say that they had reached safety by their fall. And when I escaped into wakefulnessitwasonlytoliestiffandthinkofstoriesIhadheardintheboyish voiceofthemodernsubaltern,whichringsindomitable,yethasmostofitsgay notesflattened:"Wewereallofusinabarnonenight,andashellcamealong. My pal sang out, 'Help me, old man; I've got no legs!' and I had to answer, 'I can't,oldman;I'vegotnohands!'"Well,sucharethedreamsofEnglishwomen to-day.Icouldnotcomplain,butIwishedforthereturnofoursoldier.SoIsaid: "IwishwecouldhearfromChris.Itisafortnightsincehewrote." AndthenitwasthatKittywailed,"Ah,don'tbegintofuss!"andbentoverher imageinahand-mirrorasonemightbendforrefreshmentoverscentedflowers. I tried to build about me such a little globe of ease as always ensphered her, andthoughtofallthatremainedgoodinourlivesthoughChriswasgone.Iwas surethatwewerepreservedfromthereproachofluxury,becausewehadmadea fineplaceforChris,onelittlepartoftheworldthatwas,sofarassurfacescould makeitso,goodenoughforhisamazinggoodness.Herewehadnourishedthat surpassing amiability which was so habitual that one took it as one of his physicalcharacteristics,andregardedanylapseintobadtemperasacalamityas startlingasthebreakingofaleg;herewehadmadehappinessinevitableforhim. I could shut my eyes and think of innumerable proofs of how well we had succeeded,forthereneverwassovisiblycontentedaman.AndIrecalledallthat hedidonemorningjustayearagowhenhewenttothefront. First he had sat in the morning-room and talked and stared out on the lawns thatalreadyhadthedesolationofanemptystage,althoughhehadnotyetgone; thenbrokeoffsuddenlyandwentaboutthehouse,lookingintomanyrooms.He went to the stables and looked at the horses and had the dogs brought out; he refrained from touching them or speaking to them, as though he felt himself already infected with the squalor of war and did not want to contaminate their bright physical well-being. Then he went to the edge of the wood and stood staring down into the clumps of dark-leaved rhododendrons and the yellow tangle of last year's bracken and the cold winter black of the trees. (From this verywindowIhadspiedonhim.)Thenhemovedbroodinglybacktothehouse tobewithhiswifeuntilthemomentofhisgoing,whenKittyandIstoodonthe stepstoseehimmotorofftoWaterloo.Hekissedusboth.AshebentovermeI noticedonceagainhowhishairwasoftwocolors,brownandgold.Thenhegot into the car, put on his Tommy air, and said: "So long! I'll write you from Berlin!"andashespokehisheaddroppedback,andhesetahardstareonthe house.Thatmeant,Iknew,thathelovedthelifehehadlivedwithusanddesired tocarrywithhimtothedrearyplaceofdeathanddirtthecompletememoryof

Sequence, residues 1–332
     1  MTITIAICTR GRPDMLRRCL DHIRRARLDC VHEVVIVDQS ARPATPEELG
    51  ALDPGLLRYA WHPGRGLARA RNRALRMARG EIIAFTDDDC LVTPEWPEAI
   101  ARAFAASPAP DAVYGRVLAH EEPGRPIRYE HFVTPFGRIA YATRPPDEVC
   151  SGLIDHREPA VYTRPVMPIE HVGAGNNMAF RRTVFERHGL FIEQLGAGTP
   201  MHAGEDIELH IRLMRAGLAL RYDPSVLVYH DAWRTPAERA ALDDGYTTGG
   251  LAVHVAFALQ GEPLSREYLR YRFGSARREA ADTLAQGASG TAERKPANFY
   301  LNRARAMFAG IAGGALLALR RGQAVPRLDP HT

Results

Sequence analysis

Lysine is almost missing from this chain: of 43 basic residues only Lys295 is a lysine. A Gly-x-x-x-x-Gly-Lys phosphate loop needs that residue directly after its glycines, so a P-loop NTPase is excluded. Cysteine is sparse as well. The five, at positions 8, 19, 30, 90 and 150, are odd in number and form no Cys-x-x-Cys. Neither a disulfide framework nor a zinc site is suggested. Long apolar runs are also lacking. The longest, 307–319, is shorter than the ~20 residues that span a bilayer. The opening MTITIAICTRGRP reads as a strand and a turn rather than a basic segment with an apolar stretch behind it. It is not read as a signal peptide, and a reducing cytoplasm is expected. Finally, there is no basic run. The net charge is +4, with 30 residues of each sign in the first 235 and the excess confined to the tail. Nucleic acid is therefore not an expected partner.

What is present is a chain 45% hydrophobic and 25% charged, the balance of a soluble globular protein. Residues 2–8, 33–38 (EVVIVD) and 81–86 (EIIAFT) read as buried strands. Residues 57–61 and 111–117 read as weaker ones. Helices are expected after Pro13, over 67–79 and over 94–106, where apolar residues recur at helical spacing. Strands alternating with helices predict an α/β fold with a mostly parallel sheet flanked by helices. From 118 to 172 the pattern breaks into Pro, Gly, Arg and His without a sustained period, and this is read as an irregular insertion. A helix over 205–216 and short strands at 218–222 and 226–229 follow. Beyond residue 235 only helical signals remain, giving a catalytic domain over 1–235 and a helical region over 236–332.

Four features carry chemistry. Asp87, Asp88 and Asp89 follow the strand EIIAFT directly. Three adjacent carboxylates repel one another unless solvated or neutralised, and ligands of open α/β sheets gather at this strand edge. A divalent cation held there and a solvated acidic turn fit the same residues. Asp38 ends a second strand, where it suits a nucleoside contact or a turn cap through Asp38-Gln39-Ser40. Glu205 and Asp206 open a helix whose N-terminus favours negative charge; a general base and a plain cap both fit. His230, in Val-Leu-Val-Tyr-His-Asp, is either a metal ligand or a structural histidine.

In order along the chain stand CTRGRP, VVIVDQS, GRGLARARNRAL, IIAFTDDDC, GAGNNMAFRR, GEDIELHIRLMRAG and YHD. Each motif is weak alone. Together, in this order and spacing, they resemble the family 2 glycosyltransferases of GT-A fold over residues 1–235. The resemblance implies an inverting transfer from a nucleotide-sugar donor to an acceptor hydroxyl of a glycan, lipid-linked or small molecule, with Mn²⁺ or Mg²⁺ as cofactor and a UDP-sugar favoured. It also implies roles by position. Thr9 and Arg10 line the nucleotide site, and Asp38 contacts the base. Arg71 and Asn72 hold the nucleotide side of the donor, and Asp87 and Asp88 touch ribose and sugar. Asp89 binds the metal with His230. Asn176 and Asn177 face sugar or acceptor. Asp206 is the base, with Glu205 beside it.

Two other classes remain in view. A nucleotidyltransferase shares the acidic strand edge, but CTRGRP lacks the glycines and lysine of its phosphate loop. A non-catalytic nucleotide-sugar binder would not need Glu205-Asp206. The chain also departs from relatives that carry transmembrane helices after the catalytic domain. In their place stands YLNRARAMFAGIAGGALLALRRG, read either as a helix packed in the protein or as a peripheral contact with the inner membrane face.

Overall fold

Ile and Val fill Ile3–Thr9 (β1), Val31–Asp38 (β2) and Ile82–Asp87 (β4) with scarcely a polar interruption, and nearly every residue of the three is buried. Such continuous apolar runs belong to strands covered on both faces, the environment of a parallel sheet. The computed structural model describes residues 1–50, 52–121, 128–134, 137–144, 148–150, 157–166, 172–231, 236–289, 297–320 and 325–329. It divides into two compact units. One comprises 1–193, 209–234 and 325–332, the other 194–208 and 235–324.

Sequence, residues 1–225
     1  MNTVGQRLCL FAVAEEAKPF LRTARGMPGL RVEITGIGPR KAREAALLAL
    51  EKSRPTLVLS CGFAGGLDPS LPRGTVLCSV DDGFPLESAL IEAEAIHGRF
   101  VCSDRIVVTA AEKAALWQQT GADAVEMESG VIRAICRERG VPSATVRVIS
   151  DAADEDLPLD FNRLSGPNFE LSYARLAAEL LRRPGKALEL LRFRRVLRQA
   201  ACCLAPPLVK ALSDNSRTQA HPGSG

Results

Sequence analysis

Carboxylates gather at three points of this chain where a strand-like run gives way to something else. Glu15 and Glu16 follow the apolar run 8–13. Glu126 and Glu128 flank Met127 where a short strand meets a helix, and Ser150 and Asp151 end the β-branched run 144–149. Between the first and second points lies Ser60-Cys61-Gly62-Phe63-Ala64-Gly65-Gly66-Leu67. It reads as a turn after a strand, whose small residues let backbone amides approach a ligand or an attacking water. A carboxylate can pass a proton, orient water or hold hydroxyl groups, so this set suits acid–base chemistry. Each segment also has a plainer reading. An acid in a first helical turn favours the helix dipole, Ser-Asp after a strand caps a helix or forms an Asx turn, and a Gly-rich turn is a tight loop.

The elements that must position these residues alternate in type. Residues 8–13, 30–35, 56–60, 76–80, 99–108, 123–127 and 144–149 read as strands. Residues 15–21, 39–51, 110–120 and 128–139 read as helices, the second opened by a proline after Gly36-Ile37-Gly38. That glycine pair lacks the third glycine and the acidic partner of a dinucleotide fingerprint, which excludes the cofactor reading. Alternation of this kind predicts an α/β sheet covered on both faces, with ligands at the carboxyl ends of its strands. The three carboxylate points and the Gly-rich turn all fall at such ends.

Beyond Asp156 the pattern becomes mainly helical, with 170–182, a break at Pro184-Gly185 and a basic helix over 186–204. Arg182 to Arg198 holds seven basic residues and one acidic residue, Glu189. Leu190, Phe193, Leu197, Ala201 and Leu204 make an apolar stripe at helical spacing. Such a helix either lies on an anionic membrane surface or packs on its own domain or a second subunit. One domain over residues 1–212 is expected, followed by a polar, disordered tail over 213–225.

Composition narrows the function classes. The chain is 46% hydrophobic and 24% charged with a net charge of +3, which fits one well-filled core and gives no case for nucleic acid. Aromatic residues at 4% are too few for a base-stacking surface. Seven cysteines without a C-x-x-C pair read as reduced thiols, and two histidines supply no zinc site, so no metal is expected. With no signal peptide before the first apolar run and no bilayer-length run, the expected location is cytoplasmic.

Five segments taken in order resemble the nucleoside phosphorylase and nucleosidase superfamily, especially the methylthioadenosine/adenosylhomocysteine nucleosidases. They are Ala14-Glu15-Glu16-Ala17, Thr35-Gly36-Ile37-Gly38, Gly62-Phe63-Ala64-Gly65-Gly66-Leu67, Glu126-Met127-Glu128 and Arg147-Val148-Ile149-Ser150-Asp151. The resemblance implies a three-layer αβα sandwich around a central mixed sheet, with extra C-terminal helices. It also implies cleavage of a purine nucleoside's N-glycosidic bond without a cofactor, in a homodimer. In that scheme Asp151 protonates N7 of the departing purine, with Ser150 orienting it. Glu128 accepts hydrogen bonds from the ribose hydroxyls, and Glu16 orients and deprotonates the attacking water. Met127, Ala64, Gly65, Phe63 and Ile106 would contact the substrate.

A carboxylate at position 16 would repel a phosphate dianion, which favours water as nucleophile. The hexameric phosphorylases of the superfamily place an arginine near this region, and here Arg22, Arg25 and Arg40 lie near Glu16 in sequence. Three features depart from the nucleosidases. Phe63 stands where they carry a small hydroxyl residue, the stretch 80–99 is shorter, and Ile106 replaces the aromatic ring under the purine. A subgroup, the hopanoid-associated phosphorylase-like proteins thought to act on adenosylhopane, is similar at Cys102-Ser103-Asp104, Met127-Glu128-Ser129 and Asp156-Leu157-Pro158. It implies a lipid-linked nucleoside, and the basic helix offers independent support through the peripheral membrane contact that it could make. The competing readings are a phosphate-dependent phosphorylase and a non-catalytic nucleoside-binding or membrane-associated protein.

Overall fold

everythingabouthishome,onwhichhismindcouldbrushwhenthingswereat theirworst,asamanmightfingeranamuletthroughhisshirt.Thishouse,this lifewithus,wasthecoreofhisheart. "Ifhecouldcomeback!"Isaid."Hewassohappyhere!" AndKittyanswered: "Hecouldnothavebeenhappier." Itwasimportantthatheshouldhavebeenhappy,for,yousee,hewasnotlike other city men. When we had played together as children in that wood he had always shown great faith in the imminence of the improbable. He thought that the birch-tree would really stir and shrink and quicken into an enchanted princess, that he really was a red Indian, and that his disguise would suddenly fall from him at the right sundown, that at any moment a tiger might lift red fangsthroughthebracken,andheexpectedthesethingswithastrongermotion oftheimaginationthantheordinarychild'smake-believe.Andfromathousand intimations, from his occasional clear fixity of gaze on good things as though they were about to dissolve into better, from the passionate anticipation with whichhewenttonewcountriesormetnewpeople,Iwasawarethatthisfaith hadpersistedintohisadultlife.Hehadexchangedhisexpectationofbecominga redIndianfortheequallywistfulaspirationofbecomingcompletelyreconciled tolife.Itwashishopelesshopethatsometimehewouldhaveanexperiencethat wouldactonhislifelikealchemy,turningtogoldallthedarkmetalsofevents, andfromthatrevelationhewouldgoonhiswayrichwithaninextinguishable joy.Therehadbeen,ofcourse, nochanceofhisevergettingit.Literally there wasn'troomtoswingarevelationinhiscrowdedlife.Firstofall,athisfather's deathhehadbeenobligedtotakeoverabusinessthatwasweightedbytheneeds of a mob of female relatives who were all useless either in the old way, with antimacassars, or in the new way, with golf-clubs; then Kitty had come along andpickeduphisconceptionofnormalexpenditure,andcarelesslystretchedit asawomanstretchesanewgloveonherhand.Thentherehadbeenthedifficult task of learning to live after the death of his little son. It had lain on us, the responsibility, which gave us dignity, to compensate him for his lack of free adventure by arranging him a gracious life. But now, just because our performancehadbeensobrilliantlyadequate,howdrearywastheemptystage! We were not, perhaps, specially contemptible women, because nothing could everreallybecomeapartofourlifeuntilithadbeenreferredtoChris'sattention. I remember thinking, as the parlor-maid came in with a card on the tray, how littleitmatteredwhohadcalledandwhatflagofprettinessorwitsheflew,since there was no chance that Chris would come in and stand over her, his fairness